I think it appeals to me, especially right now, because it reminds me to be hopeful, that we can (re)assemble, even from what seems irredeemably shattered. We can pull the pieces together, play with the harsh contrasts, appreciate the colors and sharp edges. We can make something of it. Even still.

Life is a work in progress.


Thank Goodness for Sesame Street

elena_urioste_ph_tinozzi_023-1280x853Bach, Kodály, Ysaÿe, Kreisler, Halvorsen and a traditional Bulgarian folk tune each washed over us in their turn. The cello and violin playing with and for each other, with and for all of us. The music filled the space, bursting to the ceiling, finding every corner, leaving nothing out. I could imagine it tumbling out the door and down the street, a heady rebuke to the leaden sky.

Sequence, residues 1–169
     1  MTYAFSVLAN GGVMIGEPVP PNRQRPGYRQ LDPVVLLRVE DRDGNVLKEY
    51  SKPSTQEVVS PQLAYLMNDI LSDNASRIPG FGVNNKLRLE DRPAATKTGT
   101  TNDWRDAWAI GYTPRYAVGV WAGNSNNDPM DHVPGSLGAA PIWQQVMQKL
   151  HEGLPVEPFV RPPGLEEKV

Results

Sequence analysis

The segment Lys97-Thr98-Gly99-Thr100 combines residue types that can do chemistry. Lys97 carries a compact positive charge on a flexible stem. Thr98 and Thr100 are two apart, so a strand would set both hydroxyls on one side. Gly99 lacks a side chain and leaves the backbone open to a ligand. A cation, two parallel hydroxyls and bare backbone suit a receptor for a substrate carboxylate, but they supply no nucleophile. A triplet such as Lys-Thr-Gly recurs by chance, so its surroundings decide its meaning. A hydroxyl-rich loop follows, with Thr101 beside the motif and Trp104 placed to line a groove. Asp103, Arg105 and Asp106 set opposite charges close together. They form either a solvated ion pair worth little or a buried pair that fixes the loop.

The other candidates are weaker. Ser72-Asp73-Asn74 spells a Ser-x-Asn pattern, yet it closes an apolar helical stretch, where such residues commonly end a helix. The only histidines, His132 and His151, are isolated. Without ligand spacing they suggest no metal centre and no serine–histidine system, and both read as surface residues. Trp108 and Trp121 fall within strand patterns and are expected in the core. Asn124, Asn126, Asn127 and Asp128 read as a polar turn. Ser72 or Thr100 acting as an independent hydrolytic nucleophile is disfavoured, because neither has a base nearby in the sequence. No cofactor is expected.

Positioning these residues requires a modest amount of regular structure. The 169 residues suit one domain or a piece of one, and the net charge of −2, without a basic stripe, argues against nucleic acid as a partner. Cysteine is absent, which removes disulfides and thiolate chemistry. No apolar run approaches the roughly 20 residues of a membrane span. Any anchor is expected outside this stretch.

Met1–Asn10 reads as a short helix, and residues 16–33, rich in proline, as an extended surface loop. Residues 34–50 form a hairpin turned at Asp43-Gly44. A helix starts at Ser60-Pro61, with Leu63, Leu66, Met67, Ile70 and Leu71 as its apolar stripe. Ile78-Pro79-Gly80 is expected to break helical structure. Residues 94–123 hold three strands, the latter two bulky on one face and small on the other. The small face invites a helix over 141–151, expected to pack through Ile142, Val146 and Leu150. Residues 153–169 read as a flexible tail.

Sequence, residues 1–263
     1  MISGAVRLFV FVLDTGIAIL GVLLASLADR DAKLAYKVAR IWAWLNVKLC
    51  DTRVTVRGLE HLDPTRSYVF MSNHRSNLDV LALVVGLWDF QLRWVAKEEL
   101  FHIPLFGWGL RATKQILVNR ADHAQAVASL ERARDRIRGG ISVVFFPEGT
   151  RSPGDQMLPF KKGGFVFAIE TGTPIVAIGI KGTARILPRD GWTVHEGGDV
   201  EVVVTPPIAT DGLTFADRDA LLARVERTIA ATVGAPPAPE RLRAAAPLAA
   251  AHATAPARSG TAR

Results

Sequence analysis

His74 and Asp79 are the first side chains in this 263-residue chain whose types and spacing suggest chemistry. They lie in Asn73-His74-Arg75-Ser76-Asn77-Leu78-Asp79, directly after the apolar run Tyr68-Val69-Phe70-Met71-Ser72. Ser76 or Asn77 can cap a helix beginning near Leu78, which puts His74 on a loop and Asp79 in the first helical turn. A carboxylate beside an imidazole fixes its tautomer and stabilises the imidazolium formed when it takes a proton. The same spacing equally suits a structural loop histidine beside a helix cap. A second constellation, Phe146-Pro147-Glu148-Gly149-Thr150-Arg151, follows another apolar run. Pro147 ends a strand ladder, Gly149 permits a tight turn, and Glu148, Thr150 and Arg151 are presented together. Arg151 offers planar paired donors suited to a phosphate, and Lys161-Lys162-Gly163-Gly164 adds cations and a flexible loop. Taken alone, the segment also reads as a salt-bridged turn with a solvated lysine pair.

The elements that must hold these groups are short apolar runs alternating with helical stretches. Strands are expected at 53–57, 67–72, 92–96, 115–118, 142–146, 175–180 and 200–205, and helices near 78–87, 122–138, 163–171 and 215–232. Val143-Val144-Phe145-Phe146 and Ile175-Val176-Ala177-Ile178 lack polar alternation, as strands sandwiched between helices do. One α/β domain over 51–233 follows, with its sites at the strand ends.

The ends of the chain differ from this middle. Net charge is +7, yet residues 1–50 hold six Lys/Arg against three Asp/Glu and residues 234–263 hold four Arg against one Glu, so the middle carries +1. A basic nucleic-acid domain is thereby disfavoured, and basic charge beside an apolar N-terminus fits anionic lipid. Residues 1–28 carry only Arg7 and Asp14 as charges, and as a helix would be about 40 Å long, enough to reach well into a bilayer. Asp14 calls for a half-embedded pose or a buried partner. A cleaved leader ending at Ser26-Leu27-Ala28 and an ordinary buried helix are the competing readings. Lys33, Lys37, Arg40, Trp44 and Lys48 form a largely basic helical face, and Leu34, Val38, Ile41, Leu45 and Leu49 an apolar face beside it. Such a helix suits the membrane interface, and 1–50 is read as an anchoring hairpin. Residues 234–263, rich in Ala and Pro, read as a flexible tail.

Elena Urioste and Nicholas Canellakis entered the chilly church hall radiating joy. Their chemistry was lovely, their smiles genuine and warm, their technique exquisite, their playfulness undeniable.

For an hour, two, I was swept up in the incredible beauty of which humans are capable.

For an hour, two, I sat cocooned, entranced, soothed.

The program notes tell me that “as a mere two-year old [Elena] saw an episode of Sesame Street in which the great violinist Itzhak Perlman demonstrated his instrument for Elmo and, according to her parents [whom we met on the way out the door], she was hooked.”

All I can say is: thank goodness for Sesame Street.

Check her out here. Check him out here. They often play with the remarkable Michael Brown, about whom I have written before.

Yup: thank goodness for Sesame Street.